China and the US

Post ImageMost of the articles I read about China (and to a lesser extent India) are pretty much the same thing. It’s almost as if there’s a cookie-cutter formula for these stories so that no one really has to write anything new. And the article I came across in the New York Times today was no different, except for one paragraph:

If finding a way out of Iraq is an immediate problem for Mr. Bush, then dealing with China’s increasingly assertive tone on economic and military issues, and with Mr. Hu’s quiet resistance to Washington’s calls for political liberalization, is a challenge that will last far beyond his presidency.

If you had to sum up relations between the United States and China in a single sentence, that would be it right now. The next president of the US will have to worry about Iraq no doubt, but I suspect China will be higher up on the list of priorities than it is now.

Read: New York Times

Piracy in China

Post ImageThere always seems to be something in the news about China (and to a lesser extent, India) these days, and it’s usually about how China is changing in one way or another. Even articles that seem to talk about a lack of change really talk about change:

But one thing never seems to change, and it’s as obvious on street corners today as it was six years ago. In 1999, when “Star Wars Episode 1–The Phantom Menace” debuted, it was quickly pirated on DVDs that sold throughout China for next to nothing.

Fast forward to May 2005–four years after China joined the World Trade Organization and embraced its stringent rules on intellectual property rights. When “Star Wars: Episode III–Revenge of the Sith” opened in U.S. theaters, copies again hit the streets of Beijing within days. Sold out of bicycle baskets by roving vendors, available in mom-and-pop retail stores everywhere, the counterfeit DVDs retailed for about 75 cents each.

Yes, piracy is a big problem in the world, and not just in China though the problem is particularly evident there. Why is it bad though? Change!

What’s standing in the way of better intellectual property rights enforcement? “It’s not a plot,” says Bruce Lehman, former commissioner of the U.S. Patent and Trademark Office and the chairman of the International Intellectual Property Institute. “It’s the result of a system in transition.”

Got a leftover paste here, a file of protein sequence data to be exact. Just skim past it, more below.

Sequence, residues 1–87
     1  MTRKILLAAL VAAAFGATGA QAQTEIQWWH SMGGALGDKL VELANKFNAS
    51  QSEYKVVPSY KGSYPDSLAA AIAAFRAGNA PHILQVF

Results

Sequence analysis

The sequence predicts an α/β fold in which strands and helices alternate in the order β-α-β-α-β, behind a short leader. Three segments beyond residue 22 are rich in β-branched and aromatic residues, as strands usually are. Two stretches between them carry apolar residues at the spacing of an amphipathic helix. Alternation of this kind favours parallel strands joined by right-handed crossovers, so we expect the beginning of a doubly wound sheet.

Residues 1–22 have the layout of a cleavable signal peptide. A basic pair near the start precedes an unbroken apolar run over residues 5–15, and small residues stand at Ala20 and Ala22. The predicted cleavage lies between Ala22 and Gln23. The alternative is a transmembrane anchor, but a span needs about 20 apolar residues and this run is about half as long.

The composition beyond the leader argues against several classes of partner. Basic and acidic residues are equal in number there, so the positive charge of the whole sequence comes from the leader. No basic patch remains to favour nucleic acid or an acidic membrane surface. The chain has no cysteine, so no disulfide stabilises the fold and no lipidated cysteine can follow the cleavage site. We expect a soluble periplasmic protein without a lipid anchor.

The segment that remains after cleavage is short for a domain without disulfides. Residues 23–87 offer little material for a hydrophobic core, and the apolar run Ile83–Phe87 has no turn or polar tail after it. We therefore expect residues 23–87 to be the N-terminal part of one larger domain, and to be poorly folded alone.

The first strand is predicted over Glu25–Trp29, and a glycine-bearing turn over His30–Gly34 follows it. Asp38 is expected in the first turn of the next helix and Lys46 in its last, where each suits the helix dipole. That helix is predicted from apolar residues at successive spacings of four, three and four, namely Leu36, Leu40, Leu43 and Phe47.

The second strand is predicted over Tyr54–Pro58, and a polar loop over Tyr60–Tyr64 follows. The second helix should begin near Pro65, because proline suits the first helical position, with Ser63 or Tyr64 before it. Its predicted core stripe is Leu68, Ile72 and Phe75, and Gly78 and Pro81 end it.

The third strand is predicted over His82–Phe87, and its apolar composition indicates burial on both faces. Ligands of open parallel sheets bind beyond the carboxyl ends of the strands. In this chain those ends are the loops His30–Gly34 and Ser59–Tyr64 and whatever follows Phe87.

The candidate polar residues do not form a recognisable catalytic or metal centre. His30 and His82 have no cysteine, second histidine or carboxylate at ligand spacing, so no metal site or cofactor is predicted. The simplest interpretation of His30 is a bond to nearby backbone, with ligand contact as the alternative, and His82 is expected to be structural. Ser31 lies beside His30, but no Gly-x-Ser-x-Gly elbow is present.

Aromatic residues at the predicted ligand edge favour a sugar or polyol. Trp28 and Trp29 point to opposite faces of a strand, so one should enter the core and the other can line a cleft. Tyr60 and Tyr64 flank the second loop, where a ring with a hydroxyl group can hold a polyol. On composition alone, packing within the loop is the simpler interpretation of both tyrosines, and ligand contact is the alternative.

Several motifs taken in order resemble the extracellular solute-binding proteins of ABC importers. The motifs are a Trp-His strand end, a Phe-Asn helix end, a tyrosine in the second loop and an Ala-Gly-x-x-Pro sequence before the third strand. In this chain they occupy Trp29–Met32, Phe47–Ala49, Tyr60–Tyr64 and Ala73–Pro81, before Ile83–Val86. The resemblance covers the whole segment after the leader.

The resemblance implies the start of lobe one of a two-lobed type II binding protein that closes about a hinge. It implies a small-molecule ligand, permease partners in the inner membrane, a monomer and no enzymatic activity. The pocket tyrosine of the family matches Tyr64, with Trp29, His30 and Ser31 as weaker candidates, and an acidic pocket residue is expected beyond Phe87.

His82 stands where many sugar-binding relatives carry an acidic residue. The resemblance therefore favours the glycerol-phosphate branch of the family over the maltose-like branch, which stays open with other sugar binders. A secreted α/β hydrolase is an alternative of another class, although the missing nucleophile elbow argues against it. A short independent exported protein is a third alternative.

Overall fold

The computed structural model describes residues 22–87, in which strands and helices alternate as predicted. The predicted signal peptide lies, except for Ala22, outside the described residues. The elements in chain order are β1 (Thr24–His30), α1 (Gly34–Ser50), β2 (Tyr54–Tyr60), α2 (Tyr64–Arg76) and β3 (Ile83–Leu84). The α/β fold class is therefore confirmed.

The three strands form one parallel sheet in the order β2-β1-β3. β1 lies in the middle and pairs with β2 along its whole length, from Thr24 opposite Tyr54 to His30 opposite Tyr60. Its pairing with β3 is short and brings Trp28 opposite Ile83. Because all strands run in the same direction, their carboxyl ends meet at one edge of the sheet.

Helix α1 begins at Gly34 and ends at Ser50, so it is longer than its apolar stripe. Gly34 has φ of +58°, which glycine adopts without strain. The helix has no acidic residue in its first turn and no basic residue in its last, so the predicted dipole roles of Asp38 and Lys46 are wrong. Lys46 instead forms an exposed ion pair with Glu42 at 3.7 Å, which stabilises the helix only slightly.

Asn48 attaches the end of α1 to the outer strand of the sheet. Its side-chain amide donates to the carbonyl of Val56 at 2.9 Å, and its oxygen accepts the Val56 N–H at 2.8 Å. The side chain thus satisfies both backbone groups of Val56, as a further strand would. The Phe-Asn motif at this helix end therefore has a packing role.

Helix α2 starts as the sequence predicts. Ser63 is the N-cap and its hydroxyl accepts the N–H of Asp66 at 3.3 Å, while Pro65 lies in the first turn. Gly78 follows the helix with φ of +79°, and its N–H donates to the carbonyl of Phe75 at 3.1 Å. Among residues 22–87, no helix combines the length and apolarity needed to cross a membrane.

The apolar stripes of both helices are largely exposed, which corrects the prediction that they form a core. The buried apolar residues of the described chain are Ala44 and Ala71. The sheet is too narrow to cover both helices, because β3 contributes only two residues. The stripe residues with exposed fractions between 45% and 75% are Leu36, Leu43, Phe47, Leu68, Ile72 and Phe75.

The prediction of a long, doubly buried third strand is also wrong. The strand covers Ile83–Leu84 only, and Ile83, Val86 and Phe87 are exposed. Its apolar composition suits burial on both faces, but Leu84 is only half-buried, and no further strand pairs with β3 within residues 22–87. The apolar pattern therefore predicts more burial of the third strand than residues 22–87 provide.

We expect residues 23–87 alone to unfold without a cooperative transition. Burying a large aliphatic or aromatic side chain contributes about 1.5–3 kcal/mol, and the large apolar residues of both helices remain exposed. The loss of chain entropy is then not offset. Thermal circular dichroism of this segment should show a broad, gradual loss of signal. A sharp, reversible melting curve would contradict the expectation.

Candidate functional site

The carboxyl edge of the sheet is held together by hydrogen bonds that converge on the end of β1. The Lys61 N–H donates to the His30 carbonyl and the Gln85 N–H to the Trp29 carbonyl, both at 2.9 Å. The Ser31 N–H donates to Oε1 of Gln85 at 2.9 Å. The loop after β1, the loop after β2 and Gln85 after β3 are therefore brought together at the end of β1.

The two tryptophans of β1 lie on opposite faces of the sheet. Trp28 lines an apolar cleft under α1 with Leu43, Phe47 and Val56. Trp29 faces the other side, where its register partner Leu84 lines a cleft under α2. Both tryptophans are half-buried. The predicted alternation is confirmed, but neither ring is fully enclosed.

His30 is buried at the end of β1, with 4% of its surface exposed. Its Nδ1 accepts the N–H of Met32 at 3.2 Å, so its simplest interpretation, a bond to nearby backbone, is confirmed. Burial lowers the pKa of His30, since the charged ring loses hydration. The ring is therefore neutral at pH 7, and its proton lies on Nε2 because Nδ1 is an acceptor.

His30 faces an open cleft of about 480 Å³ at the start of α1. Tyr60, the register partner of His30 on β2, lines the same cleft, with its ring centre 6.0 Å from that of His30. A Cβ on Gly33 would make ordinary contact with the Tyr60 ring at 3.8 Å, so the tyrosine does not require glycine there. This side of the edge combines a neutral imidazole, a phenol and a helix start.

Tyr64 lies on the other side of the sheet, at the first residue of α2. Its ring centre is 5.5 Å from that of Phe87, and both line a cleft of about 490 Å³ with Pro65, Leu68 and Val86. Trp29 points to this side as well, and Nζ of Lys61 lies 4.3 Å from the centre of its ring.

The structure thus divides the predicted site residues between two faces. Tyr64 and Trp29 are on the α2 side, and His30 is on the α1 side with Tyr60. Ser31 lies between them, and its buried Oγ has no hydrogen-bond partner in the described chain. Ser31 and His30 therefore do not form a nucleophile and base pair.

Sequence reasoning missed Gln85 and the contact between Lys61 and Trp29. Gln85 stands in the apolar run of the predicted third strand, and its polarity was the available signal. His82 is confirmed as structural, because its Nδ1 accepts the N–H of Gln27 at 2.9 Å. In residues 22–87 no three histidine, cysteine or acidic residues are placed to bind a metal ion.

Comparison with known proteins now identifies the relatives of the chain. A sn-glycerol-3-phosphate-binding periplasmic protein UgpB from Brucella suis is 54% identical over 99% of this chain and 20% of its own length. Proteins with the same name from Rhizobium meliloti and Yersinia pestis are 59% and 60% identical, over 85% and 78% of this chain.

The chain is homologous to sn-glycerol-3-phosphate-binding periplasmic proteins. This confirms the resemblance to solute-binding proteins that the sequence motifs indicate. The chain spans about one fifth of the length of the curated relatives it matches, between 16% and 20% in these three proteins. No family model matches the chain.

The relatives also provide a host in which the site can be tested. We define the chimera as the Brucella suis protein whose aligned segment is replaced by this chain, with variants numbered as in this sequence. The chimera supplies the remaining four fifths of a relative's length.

It’s a pretty safe bet actually, when you hear China, just guess change!

Read: CNET News.com

David Dodge on U.S. Economics

Post ImageI have read many times about the huge current account deficit in the United States, but usually from American media like The Economist, or maybe something from Europe. Never from Canada! It seems the Canadian government generally likes to keep quiet about our neighbour’s spending habits, maybe for fear of more beef or softwood lumber-like troubles. Needless to say, I was quite surprised to read today that Bank of Canada governor David Dodge had something to say on the matter:

In the text of a speech to be given at a Montreal conference, the central bank chief warned of “large, global economic imbalances that have become the subject of increasing concern” to policy-makers.

“I am referring, of course, to the persistent and growing current account deficit in the United States that is mirrored by large current account surpluses elsewhere, especially in Asia.”

Basically what has happened is that the United States has decreased their saving while most of the rest of the world has increased saving. Thus, the U.S. has become reliant on foreign borrowing, creating the large deficits that Dodge and other economists talk about (the United States actually has three deficits, international trade, current account, and federal budget). At the same time, China and other Asian nations have used their large and growing export income to soak up the American debt.

I think it’s really interesting to watch, even if the situation unfolds slowly. For some reason, it seems significant to me that Canada finally had something to say on the matter too, though I can’t put my finger on exactly why.

“At some point, they will have to be resolved. Why? For one thing, a country’s external indebtedness cannot keep growing indefinitely as a share of its GDP. Eventually, investors will begin to balk at increasing their exposure to that country, even if it is a reserve-currency country, such as the United States.

“For another thing, the buildup of foreign exchange reserves by Asian countries will, eventually, feed into domestic monetary expansion and lead to higher inflation. These imbalances will ultimately be resolved, either in an orderly, or in an abrupt, disorderly way.”

Perhaps Dodge is worried that things are heading down the path to a disorderly resolution, which would probably be bad for Canada.

Read: CBC News